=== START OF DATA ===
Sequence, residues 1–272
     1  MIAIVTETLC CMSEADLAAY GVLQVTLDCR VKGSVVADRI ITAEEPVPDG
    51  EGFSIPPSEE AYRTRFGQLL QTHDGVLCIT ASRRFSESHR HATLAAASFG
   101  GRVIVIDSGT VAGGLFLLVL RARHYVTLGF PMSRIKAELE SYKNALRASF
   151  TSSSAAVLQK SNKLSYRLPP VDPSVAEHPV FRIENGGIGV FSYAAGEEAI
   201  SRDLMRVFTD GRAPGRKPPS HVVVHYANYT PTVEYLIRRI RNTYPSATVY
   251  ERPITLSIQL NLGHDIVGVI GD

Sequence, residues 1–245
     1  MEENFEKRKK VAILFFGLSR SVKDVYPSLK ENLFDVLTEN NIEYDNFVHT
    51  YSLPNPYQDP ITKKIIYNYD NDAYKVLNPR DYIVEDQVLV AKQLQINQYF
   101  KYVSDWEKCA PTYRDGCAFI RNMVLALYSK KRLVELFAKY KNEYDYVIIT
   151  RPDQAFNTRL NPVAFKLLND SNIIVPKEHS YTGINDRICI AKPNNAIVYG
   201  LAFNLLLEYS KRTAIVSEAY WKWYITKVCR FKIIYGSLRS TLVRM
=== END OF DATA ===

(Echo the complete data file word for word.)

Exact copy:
Sequence, residues 1–272
     1  MIAIVTETLC CMSEADLAAY GVLQVTLDCR VKGSVVADRI ITAEEPVPDG
    51  EGFSIPPSEE AYRTRFGQLL QTHDGVLCIT ASRRFSESHR HATLAAASFG
   101  GRVIVIDSGT VAGGLFLLVL RARHYVTLGF PMSRIKAELE SYKNALRASF
   151  TSSSAAVLQK SNKLSYRLPP VDPSVAEHPV FRIENGGIGV FSYAAGEEAI
   201  SRDLMRVFTD GRAPGRKPPS HVVVHYANYT PTVEYLIRRI RNTYPSATVY
   251  ERPITLSIQL NLGHDIVGVI GD

Sequence, residues 1–245
     1  MEENFEKRKK VAILFFGLSR SVKDVYPSLK ENLFDVLTEN NIEYDNFVHT
    51  YSLPNPYQDP ITKKIIYNYD NDAYKVLNPR DYIVEDQVLV AKQLQINQYF
   101  KYVSDWEKCA PTYRDGCAFI RNMVLALYSK KRLVELFAKY KNEYDYVIIT
   151  RPDQAFNTRL NPVAFKLLND SNIIVPKEHS YTGINDRICI AKPNNAIVYG
   201  LAFNLLLEYS KRTAIVSEAY WKWYITKVCR FKIIYGSLRS TLVRM